Partial obedience is complete disobedience. That is harsh, but that is also true.
Not long back, I felt led to do four things. The goal was to do those four things every single day. The objective was to get my focus back on God and what He had been leading me towards in my life.
I managed to stay consistent in my endeavor for two whole weeks – and that was a life time compared to many of my challenges. Juggling a full-time writing career, three home schooled boys, the house, a marriage, a father-in-law, and life in general can be tough on its own. Adding a challenge of significance means I end up with a lot of plates spinning.
I spun those plates without incident for almost two weeks and then I let something slide. It was a small thing, but it was part of one of the four things that I had committed to complete. I trudged ahead with the rest of the four, or at least the three.
Just doing three would mean that it would be easier now.
The plates began to wobble. I found myself looking for shortcuts. One of my four things had been to clean the sink out each night before going to bed. So, I would just leave the dishes on the stove. My sink would be clean even if the intent behind the goal had not been fulfilled. I was defeating my own plan.
I finished the month and I was proud that I managed to finish the month. I reviewed my efforts and then I began to recognize that I missed the whole pint of what I had been trying to do from the beginning. I had been lead to do certain things to get my focus back on God. I made the choice to cut corners and do my things instead.
My review shifted to a conversation with God about repentance. I knew I was not being obedient to His will. And I recognized in my not being obedient that I was being disobedient. Instead of beating myself up over my lapse, I determined to start over.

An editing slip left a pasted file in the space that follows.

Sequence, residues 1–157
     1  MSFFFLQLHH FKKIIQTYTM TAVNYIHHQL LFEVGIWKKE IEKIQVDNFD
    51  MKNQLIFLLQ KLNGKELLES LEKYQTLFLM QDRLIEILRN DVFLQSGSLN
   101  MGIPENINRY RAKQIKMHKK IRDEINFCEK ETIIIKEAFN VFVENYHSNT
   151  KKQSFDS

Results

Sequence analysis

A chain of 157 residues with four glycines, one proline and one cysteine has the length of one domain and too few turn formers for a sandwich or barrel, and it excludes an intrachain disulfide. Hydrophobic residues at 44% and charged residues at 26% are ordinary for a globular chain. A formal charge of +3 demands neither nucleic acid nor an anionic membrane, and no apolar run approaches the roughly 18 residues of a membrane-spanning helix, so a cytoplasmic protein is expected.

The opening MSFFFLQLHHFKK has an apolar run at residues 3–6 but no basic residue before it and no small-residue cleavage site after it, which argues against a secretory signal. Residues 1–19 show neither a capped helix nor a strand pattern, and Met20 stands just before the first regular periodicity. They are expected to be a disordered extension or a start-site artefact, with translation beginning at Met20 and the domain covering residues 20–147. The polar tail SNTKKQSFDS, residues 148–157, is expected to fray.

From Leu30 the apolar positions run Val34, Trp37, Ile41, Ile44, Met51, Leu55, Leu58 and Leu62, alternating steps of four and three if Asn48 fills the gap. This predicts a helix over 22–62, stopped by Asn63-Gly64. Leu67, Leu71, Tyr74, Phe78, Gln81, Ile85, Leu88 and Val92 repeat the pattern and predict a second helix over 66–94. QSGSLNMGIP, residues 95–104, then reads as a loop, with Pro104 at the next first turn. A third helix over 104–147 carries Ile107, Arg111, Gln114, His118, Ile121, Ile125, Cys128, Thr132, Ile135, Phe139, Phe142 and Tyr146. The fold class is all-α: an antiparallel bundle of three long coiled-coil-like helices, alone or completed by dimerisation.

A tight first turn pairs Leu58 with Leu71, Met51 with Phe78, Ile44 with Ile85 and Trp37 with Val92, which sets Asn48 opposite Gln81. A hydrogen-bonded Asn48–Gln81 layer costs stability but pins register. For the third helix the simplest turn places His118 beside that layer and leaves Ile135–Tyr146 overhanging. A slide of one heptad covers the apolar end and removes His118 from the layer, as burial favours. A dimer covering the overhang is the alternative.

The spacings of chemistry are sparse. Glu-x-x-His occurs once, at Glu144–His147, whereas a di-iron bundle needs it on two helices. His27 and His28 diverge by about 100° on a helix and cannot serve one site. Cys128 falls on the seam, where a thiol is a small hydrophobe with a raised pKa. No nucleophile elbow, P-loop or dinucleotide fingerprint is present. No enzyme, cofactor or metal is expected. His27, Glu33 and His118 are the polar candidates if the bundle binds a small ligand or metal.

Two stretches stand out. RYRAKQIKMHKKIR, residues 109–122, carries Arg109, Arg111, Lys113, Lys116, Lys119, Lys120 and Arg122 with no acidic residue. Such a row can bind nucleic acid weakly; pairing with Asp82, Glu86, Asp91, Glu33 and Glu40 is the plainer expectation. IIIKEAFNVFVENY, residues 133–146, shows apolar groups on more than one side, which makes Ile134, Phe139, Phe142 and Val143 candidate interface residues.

Despite the struggles that I faced, I still find myself face to face with the desire to take short cuts or to cheat out right. I am left wondering what kind of person I am if I know what to do and I am tempted to do something else instead – even when I know that doing what I know to do leaves to blessing and peace.
“Just keep pushing.” I love the story of “PUSH” about the man pushing on a rock because God told him to push on the rock. In the end, it was the effort of pushing that made the difference in the man. “Just keep swimming.” Dori refused to allow circumstance or situations to distract her from her focus and because of that she found her desired end.
The knowledge that my obedience brings my Father joy should be the motivation to keep me moving in the right direction. It should be the catalyst that allows me to overcome the temptation to do what I want to do instead of what I know to do.
I may want to quit, but I will keep going. I may want to take short cuts – to cheat, but I will keep going. What does that say about the person that I am becoming?